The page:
An orphaned mountain gorilla named Ndakasi has died at the age of 14.
Ndakasi became a social media sensation in 2019 after a Virunga National Park ranger took a selfie of himself with her and another orphaned simian named Ndeze.
Mathieu Shamavu posted a photo of himself and the two gorillas on Instagram and the world took note.
This week Ndakasi is pictured in a far more sobering Instagram post, lying at the end of her life in the arms of Andrew Bauma, the ranger who rescued her as an orphaned baby and cared for her for the rest of her life.
Ndakasi was found by Bauma in 2007 when she was two months old, clinging to her mother’s dead body.
Her mother had been gunned down by army militia looking for bushmeat. The trauma of her family’s massacre is something from which Ndakasi never fully recovered, and she was not able to be returned to the wild.
The rangers took Ndakasi and fellow orphan Ndeze to the Senkwekwe Centre at Virunga National Park (in eastern Congo) for special care.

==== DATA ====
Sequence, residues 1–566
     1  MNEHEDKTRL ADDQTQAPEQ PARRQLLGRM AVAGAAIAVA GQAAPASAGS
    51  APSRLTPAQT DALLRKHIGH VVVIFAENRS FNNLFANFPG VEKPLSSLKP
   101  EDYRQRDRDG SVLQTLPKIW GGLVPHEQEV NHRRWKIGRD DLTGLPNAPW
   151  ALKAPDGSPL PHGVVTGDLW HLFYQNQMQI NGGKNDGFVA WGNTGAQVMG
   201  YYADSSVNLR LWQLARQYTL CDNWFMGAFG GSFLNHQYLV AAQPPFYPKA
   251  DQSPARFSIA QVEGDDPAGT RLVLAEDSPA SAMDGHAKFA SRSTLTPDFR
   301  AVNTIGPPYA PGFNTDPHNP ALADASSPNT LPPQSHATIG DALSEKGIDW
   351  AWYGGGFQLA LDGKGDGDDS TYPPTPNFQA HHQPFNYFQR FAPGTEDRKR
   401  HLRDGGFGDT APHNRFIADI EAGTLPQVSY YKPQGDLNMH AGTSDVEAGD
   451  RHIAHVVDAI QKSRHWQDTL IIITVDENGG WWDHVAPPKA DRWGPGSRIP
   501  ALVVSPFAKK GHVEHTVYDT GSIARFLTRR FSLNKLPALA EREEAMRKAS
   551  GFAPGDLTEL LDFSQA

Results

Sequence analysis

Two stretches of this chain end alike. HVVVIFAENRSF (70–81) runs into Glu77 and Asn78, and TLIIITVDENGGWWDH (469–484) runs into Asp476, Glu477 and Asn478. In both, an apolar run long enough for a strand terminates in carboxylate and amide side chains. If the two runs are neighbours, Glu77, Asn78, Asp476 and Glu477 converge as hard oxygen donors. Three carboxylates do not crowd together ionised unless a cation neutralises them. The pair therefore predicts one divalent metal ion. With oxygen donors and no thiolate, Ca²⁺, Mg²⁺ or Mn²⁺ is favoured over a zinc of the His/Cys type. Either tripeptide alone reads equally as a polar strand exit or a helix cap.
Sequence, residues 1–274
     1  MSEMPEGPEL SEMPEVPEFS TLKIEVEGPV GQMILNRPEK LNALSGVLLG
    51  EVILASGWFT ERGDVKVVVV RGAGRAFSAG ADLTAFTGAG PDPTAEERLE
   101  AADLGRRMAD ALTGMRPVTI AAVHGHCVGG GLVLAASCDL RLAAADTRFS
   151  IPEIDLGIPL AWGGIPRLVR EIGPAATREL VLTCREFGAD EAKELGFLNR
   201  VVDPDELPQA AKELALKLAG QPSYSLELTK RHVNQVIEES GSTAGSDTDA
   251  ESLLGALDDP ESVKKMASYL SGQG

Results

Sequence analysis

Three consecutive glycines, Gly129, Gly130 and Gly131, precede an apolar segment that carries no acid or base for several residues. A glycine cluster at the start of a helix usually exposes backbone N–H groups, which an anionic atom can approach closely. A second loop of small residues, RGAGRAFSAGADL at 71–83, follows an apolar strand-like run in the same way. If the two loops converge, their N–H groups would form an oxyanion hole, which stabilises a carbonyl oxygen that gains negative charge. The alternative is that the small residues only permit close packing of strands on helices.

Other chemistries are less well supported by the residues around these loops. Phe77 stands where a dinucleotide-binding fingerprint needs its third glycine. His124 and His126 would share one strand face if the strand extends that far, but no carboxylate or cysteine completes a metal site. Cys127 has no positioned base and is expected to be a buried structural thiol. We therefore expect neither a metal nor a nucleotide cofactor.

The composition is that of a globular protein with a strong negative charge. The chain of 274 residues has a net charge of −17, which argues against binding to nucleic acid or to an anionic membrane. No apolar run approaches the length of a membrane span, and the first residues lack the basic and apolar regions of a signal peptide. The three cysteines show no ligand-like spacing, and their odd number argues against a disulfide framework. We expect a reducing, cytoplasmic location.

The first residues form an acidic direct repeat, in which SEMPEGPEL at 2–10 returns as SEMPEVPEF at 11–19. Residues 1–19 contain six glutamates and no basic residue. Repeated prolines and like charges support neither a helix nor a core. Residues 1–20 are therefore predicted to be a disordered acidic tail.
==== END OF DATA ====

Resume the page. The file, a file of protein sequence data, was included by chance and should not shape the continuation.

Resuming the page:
According to a park statement, Ndakasi died September 26 after a prolonged illness in which her condition rapidly deteriorated.
The park also tweeted about Ndakasi’s death.
NBC reports that the animal’s harsh start in life ended up being of benefit to mountain gorillas, as the massacres like the one that killed Ndakasi’s mother prompted Congolese authorities to take steps to protect the animals. At the time she was born, mountain gorillas were critically endangered.
Over her life span, the species grew by more than 40%, from the 720 who were alive in 2007 to the 1,063 alive now. Many of those animals are in Virunga.
“It was a privilege to support and care for such a loving creature, especially knowing the trauma Ndakasi suffered at a very young age,” said Bauma in a statement.
Noting that he was proud to have called Ndakasi his friend, Bauma added, “I loved her like a child and her cheerful personality brought a smile to my face every time I interacted with her.
“She will be missed by all of us at Virunga but we are forever grateful for the richness Ndakasi brought to our lives during her time at Senkwekwe.”